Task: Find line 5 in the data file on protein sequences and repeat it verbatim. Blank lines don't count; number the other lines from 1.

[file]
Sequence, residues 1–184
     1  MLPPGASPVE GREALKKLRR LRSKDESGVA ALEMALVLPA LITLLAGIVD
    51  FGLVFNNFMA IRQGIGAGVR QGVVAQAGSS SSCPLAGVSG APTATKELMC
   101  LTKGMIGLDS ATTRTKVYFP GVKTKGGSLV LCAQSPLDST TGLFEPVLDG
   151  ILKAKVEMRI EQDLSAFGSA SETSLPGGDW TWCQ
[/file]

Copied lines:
   151  ILKAKVEMRI EQDLSAFGSA SETSLPGGDW TWCQ